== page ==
It must be a slow news day. Garth Brooks is finally and irrevocably cancelled; the parliamentary recess is beginning; big sports stories are still weeks away; so we have a story of seagulls. The country’s leading newspaper reports a politician’s complaint, “Dublin seagulls have lost the run of themselves completely and must be stopped.” A member of the senate claims that, among other things, children’s lollipops are being stolen by swooping seagulls in scenes worthy of Alfred Hitchcock.
Four years ago, a similar story was reported in the English city of Bath. “Gulls attack cat”, the headline on a newspaper board caught the eye. Walking through the city on a beautiful English bank holiday Monday, we were so convinced that the headline was a misprint that we searched around for another news board before being convinced that the top news story was about seagulls attacking a cat.
We thought that Bath must be a wonderful place to live. Bath and North East Somerset unitary authority has a population of 180,000 – considerably larger than Cork or Limerick – and the lead story of the local newspaper was an incident that would surely barely merit mention of any sort in most places.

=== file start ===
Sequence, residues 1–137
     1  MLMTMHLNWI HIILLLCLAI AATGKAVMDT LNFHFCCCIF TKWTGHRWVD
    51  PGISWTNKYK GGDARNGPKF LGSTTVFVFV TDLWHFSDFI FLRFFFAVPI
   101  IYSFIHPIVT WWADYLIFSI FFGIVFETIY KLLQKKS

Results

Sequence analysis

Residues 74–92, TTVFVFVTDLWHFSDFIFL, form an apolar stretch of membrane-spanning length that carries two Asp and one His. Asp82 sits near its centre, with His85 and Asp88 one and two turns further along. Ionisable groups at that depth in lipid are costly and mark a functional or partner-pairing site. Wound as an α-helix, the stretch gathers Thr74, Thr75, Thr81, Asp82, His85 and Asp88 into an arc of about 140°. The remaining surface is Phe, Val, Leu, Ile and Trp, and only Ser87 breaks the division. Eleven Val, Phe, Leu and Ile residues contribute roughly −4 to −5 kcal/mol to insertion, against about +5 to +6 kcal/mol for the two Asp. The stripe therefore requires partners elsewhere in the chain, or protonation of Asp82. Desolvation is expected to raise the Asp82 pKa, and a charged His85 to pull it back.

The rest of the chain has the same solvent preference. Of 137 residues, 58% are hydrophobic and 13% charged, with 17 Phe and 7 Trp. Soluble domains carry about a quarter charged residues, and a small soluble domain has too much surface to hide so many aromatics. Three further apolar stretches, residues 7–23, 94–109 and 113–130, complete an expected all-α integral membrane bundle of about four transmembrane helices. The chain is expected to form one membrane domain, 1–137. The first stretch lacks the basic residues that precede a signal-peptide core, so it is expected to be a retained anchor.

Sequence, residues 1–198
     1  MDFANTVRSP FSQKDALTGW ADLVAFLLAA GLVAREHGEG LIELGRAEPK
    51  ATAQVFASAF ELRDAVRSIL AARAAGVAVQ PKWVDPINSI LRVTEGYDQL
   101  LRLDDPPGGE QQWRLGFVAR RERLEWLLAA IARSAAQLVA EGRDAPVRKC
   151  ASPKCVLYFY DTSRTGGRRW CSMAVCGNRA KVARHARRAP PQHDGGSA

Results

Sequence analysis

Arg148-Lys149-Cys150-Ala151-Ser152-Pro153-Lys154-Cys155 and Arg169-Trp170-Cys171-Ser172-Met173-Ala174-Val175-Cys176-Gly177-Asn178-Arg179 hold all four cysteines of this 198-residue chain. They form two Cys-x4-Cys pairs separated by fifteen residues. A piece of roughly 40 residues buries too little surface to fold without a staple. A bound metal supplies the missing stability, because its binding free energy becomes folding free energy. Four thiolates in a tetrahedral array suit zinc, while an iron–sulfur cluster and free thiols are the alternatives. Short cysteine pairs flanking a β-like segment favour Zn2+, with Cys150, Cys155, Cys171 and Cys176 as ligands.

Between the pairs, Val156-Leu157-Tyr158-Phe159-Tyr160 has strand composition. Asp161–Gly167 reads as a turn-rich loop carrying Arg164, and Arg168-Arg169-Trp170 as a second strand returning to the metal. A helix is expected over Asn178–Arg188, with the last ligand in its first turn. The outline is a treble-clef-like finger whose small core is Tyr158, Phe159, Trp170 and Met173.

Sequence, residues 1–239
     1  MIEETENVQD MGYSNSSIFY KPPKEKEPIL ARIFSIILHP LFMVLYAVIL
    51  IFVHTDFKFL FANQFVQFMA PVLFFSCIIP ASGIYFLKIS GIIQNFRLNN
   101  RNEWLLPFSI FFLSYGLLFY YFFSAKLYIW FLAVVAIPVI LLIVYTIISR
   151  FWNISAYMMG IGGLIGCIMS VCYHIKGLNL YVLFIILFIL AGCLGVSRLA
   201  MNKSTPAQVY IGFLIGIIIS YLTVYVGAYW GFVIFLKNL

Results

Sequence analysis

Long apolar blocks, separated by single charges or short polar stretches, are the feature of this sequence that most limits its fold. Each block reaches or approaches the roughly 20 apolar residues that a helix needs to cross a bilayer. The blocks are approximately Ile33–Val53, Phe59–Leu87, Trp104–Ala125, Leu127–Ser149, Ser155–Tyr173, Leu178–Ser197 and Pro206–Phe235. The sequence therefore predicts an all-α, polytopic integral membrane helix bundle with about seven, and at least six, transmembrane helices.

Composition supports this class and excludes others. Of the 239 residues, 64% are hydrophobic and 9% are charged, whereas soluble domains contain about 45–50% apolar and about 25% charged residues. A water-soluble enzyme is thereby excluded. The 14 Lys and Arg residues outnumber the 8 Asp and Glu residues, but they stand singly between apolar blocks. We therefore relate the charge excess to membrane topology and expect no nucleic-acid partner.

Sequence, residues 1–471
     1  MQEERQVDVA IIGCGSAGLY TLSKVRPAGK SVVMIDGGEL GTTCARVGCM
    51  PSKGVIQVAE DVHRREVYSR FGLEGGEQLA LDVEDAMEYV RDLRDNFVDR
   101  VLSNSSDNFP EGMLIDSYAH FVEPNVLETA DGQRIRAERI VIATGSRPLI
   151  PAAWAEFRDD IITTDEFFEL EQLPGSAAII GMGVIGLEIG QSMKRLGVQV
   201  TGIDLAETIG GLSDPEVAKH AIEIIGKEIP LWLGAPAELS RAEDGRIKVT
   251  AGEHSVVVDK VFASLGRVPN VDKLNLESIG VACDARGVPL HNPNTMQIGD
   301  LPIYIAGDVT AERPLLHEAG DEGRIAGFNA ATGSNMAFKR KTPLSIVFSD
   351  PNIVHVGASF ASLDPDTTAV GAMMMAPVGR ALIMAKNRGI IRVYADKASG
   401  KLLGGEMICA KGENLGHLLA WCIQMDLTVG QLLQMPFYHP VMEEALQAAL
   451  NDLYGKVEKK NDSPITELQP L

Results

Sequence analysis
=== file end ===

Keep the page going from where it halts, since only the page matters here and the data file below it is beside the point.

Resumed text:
Unfortunately, it being a bank holiday, both the shops we saw with the Bath Chronicle board were closed; it was not possible to buy a paper to discover what other issues were concerning the citizens of what must be one of the most picturesque cities in the world.
Perhaps the headline was in the tradition of the alleged 1912 headline, attributed in various forms to various newspapers, but never actually printed anywhere, “Titanic sinks: Local man feared dead”, in its emphasis on the local and the particular, or perhaps it is a reflection of a community at peace with itself.
To live in a community where discord in the animal kingdom was worthy of report seemed like living in some Elysian vision, far removed from drug dealers, graffiti, and teenaged boys drunk on cheap lager; far removed from corruption and ghost estates, far removed from those who had made millions walking away from the problems they had caused.
Perhaps the sheer price of housing in the city of Bath made the community self-selecting, though the price of housing did not inhibit graffiti and crime in south Dublin, or perhaps Bath had a secret they should have been sharing share with others.
Perhaps the senator’s attack on gulls in Dublin is a sign that all the other problems have gone away – or perhaps it is just the silly season.